Originally, this part of the dock was reserved for the weather station.
The engine room.
The blacksmith shop is pretty rugged looking. Through the door you can see the collapsed walkway that might have once connected to a building covering the Santiago Tunnel adit.
Hand painted fire extinguisher notices and a long room which I strongly suspect was a pattern cutting room.
This is one of my favorite doorways (yes, I have favorites) for a few reasons: 1.) You can see how the once-arched door has been squared-off for rectangular doors to fit; 2.) you can see one complete historic door and one ruined door, and the chain that used to hold them together before someone kicked-out the security, and; 3.) I like the texture of the bricks and design of the radiators in the room beyond–the blacksmith shop. Just do.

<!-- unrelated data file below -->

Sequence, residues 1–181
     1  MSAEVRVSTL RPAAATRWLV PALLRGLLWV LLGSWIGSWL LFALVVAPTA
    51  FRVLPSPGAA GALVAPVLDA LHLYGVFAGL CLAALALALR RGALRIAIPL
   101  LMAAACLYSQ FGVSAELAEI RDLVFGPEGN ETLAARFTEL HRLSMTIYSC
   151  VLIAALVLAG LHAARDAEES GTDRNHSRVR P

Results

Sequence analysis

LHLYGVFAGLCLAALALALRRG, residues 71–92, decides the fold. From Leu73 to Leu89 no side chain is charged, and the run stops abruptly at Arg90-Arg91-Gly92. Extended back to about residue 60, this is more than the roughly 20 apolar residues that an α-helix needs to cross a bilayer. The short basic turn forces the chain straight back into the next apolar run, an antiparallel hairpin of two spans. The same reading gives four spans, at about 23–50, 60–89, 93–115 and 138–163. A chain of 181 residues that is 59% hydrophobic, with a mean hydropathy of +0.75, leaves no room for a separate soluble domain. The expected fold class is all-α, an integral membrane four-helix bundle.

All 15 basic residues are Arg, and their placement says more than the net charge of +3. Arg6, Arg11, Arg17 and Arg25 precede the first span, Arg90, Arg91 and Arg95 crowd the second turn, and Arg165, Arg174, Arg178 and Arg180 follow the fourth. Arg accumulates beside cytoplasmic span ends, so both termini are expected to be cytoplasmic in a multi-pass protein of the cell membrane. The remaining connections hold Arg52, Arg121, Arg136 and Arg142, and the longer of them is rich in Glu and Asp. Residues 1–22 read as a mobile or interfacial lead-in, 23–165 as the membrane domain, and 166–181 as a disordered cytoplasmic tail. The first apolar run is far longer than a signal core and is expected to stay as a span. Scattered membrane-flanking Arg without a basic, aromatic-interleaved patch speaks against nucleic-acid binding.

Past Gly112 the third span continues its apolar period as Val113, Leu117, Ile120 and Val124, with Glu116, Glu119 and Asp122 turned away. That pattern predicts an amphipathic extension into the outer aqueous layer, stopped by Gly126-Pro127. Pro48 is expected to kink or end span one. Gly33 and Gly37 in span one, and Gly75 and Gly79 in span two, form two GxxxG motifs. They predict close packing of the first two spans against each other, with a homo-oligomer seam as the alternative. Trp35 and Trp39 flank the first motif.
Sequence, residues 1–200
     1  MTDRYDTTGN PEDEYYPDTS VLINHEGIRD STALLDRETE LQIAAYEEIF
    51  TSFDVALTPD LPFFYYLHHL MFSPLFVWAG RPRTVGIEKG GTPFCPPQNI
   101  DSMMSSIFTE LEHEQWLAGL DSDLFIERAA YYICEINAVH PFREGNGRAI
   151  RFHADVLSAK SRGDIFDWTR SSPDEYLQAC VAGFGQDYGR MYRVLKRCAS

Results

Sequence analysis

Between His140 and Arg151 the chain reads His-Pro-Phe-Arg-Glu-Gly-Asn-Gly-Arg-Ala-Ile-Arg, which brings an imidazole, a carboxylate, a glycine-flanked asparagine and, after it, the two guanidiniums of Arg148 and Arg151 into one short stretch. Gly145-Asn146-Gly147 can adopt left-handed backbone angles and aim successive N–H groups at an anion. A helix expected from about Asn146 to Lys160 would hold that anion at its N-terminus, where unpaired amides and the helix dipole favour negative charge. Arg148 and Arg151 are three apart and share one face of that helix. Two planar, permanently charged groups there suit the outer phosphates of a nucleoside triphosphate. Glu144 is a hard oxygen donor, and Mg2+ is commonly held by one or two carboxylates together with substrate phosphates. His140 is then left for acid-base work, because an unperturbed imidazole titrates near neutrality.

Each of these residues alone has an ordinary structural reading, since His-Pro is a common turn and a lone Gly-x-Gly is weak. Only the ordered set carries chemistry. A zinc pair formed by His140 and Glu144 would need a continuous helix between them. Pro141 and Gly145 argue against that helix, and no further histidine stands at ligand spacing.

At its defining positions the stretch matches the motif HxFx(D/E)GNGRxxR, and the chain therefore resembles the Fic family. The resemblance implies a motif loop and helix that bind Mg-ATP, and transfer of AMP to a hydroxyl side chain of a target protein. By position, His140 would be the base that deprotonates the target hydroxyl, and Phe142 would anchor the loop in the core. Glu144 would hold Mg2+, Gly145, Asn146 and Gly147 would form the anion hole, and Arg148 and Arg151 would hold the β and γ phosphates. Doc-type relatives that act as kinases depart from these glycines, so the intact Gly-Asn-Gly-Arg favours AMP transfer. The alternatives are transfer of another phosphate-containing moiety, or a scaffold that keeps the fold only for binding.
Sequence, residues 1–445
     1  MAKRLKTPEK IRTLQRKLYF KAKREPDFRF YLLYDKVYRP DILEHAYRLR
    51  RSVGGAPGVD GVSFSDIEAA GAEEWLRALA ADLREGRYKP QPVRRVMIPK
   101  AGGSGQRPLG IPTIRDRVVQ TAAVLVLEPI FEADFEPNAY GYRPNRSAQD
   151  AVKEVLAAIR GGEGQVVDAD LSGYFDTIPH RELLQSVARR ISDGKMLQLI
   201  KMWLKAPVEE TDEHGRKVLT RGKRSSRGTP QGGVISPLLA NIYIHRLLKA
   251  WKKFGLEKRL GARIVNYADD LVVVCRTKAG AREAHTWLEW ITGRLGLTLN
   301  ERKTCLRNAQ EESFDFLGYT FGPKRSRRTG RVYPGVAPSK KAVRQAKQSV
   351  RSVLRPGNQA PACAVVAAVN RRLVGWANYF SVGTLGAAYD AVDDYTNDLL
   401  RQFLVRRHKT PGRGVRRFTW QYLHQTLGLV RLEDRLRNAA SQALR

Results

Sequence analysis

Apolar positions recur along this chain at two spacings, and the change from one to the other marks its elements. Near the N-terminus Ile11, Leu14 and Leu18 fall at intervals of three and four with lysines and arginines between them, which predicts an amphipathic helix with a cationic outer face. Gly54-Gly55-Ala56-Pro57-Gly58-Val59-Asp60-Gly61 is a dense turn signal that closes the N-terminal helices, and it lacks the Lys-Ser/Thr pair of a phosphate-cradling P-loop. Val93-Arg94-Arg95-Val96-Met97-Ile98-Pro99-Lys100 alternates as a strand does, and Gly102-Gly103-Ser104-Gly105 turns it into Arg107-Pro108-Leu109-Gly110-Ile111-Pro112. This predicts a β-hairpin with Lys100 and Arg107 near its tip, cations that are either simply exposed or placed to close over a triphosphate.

A sizable crane on the corner of the engine house still swings out.
A typical room in Birtle.
Windows provided the 250-some workers with fresh air and light, and helped to keep flour dust from building up in the air, helping to prevent explosions. Today, machines control air flow better without windows, so they were bricked.